Water Bond Agreement Can’t Slip Through Sacramento’s Hands

California State Senator representing the 14th Senate District

It is absolutely essential to the state economy and to the quality of life for all Californians that we pass a comprehensive water bond now, to ensure that water continues to flow to California’s homes, farms and other facilities for the foreseeable future.

The $9.3 billion bipartisan water bond proposed by Governor Schwarzenegger and U.S. Senator Dianne Feinstein earlier this month provides a solid framework for tackling California’s water challenges, and a much welcomed shot in the arm for an issue that’s been on the backburner for too long.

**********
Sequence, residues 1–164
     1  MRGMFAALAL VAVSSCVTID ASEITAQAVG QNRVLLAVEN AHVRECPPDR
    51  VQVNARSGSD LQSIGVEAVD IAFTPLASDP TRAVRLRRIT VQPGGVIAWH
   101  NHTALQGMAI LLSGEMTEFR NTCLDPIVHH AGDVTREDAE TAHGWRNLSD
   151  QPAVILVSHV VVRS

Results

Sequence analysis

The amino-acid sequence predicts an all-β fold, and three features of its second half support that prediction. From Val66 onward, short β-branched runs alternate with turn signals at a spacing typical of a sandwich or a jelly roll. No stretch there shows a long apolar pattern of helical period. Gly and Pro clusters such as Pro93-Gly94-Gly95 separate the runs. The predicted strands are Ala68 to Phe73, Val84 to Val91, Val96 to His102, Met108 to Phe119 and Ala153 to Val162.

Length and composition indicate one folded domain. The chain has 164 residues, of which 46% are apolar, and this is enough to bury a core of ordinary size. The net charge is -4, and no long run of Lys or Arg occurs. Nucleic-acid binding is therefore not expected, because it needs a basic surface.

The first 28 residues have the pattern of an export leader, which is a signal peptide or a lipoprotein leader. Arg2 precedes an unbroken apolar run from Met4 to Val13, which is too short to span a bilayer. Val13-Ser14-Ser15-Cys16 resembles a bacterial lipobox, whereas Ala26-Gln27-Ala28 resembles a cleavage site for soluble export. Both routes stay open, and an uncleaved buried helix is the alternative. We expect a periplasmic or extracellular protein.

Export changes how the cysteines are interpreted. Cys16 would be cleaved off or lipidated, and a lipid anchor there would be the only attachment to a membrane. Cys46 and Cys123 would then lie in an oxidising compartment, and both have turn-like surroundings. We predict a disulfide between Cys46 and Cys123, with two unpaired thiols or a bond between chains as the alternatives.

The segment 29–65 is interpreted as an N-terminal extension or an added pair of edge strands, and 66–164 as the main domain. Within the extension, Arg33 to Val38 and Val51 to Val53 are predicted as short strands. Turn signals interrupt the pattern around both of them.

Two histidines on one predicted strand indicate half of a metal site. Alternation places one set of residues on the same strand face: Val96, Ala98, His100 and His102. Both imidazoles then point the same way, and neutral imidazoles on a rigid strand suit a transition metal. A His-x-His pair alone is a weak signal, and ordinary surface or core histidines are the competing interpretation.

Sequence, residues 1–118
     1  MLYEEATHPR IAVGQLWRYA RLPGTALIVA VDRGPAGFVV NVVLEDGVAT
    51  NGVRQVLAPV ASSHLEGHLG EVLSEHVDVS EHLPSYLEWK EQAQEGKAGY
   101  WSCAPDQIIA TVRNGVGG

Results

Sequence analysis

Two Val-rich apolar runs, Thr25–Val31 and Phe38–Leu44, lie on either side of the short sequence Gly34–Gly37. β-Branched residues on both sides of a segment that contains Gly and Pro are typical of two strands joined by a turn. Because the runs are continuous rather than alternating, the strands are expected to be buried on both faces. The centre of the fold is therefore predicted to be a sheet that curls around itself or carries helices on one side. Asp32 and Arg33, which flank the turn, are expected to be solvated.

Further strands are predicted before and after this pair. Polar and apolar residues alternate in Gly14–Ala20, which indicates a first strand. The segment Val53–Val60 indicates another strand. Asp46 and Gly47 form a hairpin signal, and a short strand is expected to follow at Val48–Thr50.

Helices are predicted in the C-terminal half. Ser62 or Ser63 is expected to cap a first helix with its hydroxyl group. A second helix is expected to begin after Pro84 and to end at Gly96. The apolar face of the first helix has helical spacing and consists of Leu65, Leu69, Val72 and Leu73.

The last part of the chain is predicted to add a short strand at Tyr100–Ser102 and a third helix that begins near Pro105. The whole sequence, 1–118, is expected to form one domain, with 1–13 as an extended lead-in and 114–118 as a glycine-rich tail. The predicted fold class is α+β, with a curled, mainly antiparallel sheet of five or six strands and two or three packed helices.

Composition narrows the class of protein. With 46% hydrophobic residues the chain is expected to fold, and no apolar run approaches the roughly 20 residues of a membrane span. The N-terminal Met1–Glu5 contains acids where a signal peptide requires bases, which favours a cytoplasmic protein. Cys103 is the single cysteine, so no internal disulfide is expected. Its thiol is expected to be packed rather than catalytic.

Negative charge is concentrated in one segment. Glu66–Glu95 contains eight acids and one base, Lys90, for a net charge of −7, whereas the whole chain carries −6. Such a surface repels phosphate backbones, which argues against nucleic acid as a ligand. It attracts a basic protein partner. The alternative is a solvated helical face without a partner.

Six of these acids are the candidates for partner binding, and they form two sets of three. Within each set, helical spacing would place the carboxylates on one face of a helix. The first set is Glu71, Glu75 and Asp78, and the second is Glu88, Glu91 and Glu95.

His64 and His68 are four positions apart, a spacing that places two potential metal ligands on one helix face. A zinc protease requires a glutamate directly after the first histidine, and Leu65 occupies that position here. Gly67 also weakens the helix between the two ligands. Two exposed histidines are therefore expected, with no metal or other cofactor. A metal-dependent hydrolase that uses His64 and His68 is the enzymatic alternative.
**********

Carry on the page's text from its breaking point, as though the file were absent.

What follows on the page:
I’ve been working with my colleagues at the Capitol and in Washington for almost two years to arrive at a comprehensive water plan that would increase water storage, improve how that water is transported across the state, and revitalize the ailing Sacramento-San Joaquin Delta. Everyone agrees that California urgently needs to address California’s critical water woes, and as the saying goes, admitting you have a problem is the first step to recovery. As is often the case in complex policy issues, the devil is in the details.

While I agree with Senate Pro Tem Don Perata that we should spend the as-yet-unallocated $872 million in funds from previous water bonds, we have to approach our water problems in a comprehensive, rather than piecemeal, manner. We cannot afford to let this vital issue be waylaid by partisan politics.

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Small Business Looks at the Budget